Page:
1. Injury to the promisee
2. Benefit to the promisor
3. Circumstances precluded advanced negotiations
4. Restatement 86
a. Enforcment necessary to prevent injustice
b. Not a gift
c. Promise cannot be disproportionate to the benefit received
The Requirement of Bargain
7. Kirksey v. Kirksey – Promise with no exchange is not a contract. He was giving her the land, she was doing nothing in return.
8. Central Adjustment Bureau, Inc. v. Ingram – Unilateral K, employee makes promise not to compete, in consideration of this promise, they didn’t get fired. The promise for something else was the continued employment.
9. Strong v. Sheffield – No request for forbearance and Π never agreed to forbear, so there was no consideration. Ct said that in cases where a note is signed by 3rd party, that requests forbearance, and forbearance on the note is granted, it’s legally enforceable. She was giving the promissory note without getting anything in exchange for it.
10. Mattei v. Hopper – Satisfaction contract. Mattei had to get the leases, if he didn’t, it would be the only way he could get out of the contract.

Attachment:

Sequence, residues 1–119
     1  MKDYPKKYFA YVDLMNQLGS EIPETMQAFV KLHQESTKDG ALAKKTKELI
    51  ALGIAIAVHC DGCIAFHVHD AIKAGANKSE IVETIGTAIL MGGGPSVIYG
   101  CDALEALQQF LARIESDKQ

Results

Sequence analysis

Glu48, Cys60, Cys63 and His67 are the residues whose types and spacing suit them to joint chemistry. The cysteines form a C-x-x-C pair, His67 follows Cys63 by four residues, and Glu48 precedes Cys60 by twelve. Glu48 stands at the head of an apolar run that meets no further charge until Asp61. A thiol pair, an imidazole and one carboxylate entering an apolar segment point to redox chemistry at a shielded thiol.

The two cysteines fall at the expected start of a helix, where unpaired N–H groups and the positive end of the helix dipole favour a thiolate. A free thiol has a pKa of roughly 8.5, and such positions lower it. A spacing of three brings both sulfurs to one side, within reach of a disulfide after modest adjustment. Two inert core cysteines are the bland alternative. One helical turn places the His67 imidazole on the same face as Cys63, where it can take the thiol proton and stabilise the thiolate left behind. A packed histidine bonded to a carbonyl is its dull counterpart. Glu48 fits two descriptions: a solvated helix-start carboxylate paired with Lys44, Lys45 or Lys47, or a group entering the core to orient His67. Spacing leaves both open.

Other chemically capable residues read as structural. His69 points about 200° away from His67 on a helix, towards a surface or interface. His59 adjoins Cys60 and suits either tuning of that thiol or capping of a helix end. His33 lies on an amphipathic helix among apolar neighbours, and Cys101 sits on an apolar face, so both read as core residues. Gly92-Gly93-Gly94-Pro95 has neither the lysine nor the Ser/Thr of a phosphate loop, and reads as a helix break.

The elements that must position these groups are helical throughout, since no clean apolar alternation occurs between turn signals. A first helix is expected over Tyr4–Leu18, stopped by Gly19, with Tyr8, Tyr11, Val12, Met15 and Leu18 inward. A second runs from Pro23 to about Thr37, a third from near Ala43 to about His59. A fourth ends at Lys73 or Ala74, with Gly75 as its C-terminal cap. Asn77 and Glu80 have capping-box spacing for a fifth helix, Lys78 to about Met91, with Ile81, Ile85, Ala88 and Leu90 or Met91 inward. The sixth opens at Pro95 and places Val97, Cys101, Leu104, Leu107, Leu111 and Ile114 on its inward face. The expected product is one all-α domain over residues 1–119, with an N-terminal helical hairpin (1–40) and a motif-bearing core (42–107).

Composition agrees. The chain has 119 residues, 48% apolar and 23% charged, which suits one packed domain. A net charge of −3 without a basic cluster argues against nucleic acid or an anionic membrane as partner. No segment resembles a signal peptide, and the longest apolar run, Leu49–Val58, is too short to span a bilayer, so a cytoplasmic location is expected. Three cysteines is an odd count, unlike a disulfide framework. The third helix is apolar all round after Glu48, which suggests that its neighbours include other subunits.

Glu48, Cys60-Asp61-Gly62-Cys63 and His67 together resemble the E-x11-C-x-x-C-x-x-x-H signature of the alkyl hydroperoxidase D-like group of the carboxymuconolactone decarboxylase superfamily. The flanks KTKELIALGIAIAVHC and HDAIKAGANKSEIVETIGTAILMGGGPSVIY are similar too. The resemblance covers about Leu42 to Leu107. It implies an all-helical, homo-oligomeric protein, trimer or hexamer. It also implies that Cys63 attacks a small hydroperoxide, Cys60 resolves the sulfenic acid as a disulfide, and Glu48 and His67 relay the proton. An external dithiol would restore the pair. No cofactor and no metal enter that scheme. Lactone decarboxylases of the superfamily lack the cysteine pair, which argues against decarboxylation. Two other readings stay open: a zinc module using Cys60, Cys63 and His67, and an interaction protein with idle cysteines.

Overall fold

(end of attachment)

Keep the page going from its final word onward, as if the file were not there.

Illusory Contracts lack mutuality.
Illusory Promises (Escape Clauses)
If the Promisor’s promise is conditional on his own actions or actions he exclusively controls, the promise is illusory and does not constitute consideration.
Escape Clauses: An offer may contain an escape clause as long as the condition is not within the Offeror’s exclusive control.
Omni: They had to obtain and analyze the feasibility report in good faith-the results of which were out of their exclusive control.
Cancellation Clauses: A clause that allows cancellation at any time is probably not an illusory promise if the cancellation is restricted in any way.
Eg. “Only after 60 days”
A conditional Promise that the Promisor knows cannot be satisfied is not consideration.
Illusory Promises (Escape Clauses) cont.
A promise that allows the Promisor to choose between alternate performances is not consideration unless each alternate performance would have qualified as consideration alone.
A promise that allows the Promisee to choose between alternate performances is consideration if at least one of the alternatives qualified as consideration.
11. Eastern Airlines Inc. v. Gulf Oil Corp. – Requirements Contract – Did not lack mutuality, it was a valid contract. Eastern had to buy all fuel from Gulf at K price, it was not a vague or indefinite contract.